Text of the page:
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Submarine tragedy: Efforts on to ascertain fate of 18 navy men

Last updated on: August 15, 2013 16:13 IST

Efforts by divers on Thursday to ascertain the fate of 18 trapped Naval officers and men in submarine INS Sindhurakshak that exploded after a fire were hampered by poor visibility inside the submerged warship as heat generated by the blasts had melted parts of the internal hull preventing access to compartments.

The trapped personnel have not yet been sighted or recovered," a Navy release said in Mumbai.

"The diving efforts are hampered by poor visibility inside submarine which is filled with water, extremely restricted access and displacement of most equipment from their original location," the release said.

The heat of the explosion has melted parts of the internal hull deforming the submarine hatches and has prevented access to the compartments.

"Heavy duty pumps are being used to pump out the water from the submarine. There has been large scale ingress of sea water into the submarine due to the explosion," it said, adding diving and salvage operations are continuing.

In one of the worst disasters to have struck the Indian Navy, a series of explosions rocked the Russian-made Kilo class submarine at the dockyard here early Wednesday, sinking it partially in the shallow sea, in which 18 personnel including three officers are feared killed.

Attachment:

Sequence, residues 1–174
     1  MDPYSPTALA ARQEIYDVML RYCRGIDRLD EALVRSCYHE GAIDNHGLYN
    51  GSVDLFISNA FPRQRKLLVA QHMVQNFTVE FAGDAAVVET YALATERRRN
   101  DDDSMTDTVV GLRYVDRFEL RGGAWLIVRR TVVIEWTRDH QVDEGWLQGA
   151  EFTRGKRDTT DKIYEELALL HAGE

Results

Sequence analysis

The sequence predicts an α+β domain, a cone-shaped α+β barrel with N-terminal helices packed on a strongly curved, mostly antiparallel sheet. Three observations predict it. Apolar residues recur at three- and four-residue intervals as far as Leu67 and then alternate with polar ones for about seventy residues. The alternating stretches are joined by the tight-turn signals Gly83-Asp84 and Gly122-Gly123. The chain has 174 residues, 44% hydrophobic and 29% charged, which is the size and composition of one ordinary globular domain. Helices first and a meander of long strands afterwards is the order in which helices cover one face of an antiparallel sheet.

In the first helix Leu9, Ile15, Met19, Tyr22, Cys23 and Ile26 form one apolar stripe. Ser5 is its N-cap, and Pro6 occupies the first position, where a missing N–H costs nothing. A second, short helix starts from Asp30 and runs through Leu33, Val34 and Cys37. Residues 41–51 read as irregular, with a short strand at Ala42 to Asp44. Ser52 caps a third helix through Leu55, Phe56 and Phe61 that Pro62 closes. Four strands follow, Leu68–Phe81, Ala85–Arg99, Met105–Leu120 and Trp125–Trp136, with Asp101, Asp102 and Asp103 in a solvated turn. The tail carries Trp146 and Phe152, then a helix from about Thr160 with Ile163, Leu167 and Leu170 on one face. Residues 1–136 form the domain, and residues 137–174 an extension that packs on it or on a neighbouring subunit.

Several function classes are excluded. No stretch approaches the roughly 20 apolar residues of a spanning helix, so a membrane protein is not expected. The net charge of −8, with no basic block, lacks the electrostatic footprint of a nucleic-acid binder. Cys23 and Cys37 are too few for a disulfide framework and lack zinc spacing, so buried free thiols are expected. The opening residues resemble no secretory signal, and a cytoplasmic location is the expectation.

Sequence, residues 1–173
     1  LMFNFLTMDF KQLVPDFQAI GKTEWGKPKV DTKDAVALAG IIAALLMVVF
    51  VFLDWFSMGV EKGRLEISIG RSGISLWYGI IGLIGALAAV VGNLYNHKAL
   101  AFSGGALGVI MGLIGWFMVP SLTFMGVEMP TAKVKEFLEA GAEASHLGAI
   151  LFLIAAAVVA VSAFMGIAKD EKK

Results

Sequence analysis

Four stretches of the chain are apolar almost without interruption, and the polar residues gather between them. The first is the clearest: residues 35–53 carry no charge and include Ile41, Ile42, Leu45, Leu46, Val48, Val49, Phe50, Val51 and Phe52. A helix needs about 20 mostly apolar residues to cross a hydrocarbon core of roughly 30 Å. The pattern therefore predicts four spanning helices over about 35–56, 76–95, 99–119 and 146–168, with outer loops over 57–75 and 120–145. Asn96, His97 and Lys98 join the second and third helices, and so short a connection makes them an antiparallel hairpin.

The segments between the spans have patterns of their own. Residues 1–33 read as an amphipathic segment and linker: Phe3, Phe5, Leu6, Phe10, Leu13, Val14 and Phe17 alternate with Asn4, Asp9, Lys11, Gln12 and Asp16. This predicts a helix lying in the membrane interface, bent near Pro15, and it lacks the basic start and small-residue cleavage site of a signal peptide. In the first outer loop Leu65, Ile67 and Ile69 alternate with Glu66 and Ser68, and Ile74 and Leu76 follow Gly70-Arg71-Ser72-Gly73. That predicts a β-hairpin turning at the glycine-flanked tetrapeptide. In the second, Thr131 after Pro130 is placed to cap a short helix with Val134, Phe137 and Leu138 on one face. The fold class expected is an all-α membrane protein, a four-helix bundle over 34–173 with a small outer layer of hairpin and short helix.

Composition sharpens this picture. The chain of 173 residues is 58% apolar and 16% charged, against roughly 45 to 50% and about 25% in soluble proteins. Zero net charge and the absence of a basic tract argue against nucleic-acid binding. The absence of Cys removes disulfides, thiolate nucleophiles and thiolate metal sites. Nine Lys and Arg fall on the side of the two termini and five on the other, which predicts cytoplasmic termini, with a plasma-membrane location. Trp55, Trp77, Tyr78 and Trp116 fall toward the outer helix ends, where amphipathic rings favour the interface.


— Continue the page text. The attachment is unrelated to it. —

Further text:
On Wednesday, Navy Chief Joshi Admiral D K Joshi, who accompanied Defence Minister A K Antony, did not rule out the possibility of a sabotage but said that the indicators so far do not support such a theory.

He had also indicated that there was little hope of survival of 18 personnel on board the submarine, which exploded and sank at the naval dockyard in Colaba.

The diesel-electric submarine was commissioned into the Indian Navy in 1997 at a cost of around Rs 400 crore and had gone through a Rs 450-crore extensive upgrade in Russia.

The 2300-tonne submarine, powered by a combination of diesel generators and electric batteries, had potent weapons package including the anti-ship 'Club' missiles.

More updates on submarine tragedy

Image: An elevated view shows the Indian Navy ships docked at the naval dockyard in Mumbai on Wednesday

Photograph: Vivek Prakash/Reuters

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